Parker said he doesn't realize any profit from making the sleds. The cost is in the material and shop time he contracts with metal experts to cut, trim, heat-treat and test to tolerances that equal one-thousandth of an inch.
When Parker gets the alloy, it comes in a round bar that costs $9,100 from Carpenter Technology Corp. in Pennsylvania. He has three different people prepare it for construction of the sleds. Diversified Metal Services in Salt Lake City saws, cuts and grinds it up to size. Rawson Metal Works Inc. of Salt Lake City builds the components for the sleds to specs so restrictive the rest of the world generally is unwilling to do the brain bashing to accomplish them.
Parker then takes the material to Salt Lake City's Industrial Heat Treat, where sled parts are put in huge furnaces and baked to 900 degrees.
Parker, who calls himself a scrounger, making his living doing day trading and mortgage loans, builds the sleds out of his garage. His sled work is for love, not money and the challenge of keeping ahead of the world sled minions.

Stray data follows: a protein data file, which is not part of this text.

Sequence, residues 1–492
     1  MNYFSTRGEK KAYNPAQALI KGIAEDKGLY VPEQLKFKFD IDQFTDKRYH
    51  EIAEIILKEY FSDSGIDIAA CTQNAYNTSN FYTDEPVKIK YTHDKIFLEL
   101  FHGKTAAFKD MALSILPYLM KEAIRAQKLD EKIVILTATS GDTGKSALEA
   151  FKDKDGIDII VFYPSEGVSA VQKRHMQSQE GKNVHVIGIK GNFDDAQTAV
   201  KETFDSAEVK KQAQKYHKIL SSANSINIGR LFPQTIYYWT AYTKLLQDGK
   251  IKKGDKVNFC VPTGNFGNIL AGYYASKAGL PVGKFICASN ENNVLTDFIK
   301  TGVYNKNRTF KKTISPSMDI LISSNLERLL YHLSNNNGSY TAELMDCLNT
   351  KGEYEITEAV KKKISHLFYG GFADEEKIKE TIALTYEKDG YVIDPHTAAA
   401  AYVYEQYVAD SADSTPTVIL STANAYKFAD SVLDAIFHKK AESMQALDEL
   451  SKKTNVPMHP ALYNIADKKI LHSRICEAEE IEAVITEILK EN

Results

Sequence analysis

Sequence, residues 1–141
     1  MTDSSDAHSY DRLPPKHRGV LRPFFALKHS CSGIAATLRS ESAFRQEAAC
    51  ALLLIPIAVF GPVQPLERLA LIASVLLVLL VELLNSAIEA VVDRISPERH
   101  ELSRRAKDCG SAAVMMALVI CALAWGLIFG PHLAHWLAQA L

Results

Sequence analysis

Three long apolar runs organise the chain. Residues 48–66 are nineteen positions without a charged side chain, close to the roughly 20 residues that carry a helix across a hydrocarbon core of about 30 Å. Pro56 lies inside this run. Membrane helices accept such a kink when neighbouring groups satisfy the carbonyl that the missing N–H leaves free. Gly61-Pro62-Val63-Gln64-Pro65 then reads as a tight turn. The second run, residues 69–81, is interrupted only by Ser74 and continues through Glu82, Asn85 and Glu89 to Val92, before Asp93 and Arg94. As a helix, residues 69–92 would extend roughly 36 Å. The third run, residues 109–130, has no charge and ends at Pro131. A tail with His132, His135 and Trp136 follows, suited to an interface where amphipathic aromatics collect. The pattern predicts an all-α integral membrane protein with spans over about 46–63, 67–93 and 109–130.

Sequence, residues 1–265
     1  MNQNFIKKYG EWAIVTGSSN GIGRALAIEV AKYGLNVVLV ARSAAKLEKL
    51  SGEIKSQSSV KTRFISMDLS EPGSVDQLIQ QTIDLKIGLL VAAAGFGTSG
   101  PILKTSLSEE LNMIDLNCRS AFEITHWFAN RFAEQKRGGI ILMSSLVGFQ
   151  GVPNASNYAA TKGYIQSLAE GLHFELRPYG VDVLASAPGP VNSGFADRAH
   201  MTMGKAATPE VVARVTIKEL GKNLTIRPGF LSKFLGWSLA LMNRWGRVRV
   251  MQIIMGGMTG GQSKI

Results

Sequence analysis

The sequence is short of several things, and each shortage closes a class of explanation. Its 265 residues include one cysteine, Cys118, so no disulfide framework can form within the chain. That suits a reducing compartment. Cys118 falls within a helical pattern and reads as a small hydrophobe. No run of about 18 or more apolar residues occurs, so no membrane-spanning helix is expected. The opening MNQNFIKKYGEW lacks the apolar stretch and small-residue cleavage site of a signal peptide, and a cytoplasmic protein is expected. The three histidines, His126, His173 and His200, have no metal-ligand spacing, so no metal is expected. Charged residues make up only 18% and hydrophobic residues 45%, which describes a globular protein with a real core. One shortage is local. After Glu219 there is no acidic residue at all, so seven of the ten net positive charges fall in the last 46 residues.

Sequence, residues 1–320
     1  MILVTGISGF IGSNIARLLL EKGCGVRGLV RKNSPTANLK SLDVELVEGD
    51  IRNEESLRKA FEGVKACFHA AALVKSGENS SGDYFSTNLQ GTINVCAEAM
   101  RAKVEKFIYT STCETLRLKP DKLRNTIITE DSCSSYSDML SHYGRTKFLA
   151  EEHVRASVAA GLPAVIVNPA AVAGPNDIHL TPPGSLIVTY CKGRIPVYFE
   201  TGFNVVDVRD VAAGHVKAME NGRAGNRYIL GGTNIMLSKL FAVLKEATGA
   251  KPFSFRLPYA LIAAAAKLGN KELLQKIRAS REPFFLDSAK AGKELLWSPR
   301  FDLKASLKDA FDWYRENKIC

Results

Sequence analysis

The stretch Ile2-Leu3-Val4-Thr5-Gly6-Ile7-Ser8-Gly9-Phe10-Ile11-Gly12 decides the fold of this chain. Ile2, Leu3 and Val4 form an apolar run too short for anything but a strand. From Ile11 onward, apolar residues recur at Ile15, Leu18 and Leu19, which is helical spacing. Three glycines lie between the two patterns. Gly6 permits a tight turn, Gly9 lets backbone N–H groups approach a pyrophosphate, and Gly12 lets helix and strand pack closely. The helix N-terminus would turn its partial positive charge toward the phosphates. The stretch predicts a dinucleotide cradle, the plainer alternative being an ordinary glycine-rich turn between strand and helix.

Parker said the expense to sponsor the U.S. skeleton team is impossible for one person to absorb. "It takes a community and it is easy in the U.S. We have no excuses. We have the athletes, we have the technology and we should win every race. Unlike the bobsled, where the Germans appear to have more desire to win than the U.S., the skeleton is there for the taking for Americans."
He says the FIBT is similar to the Ministry of Magic in the Harry Potter novels and he's simply the guy with the next magic trick trying to keep ahead. "It's really quite entertaining."
The FIBT once banned his fly trap on the sled, outlawing the use of rubber on the sled which keeps the saddle of the sled floating. So, Parker turned to his car-racing days and used a spiracle rod and reinvented the fly trap. "The FIBT. They're a hoot," Parker said.Now in his 40s, Parker says he is getting old and fat. But from his garage, he's putting together the arrows for the quiver of Pikus-Pace and Lund.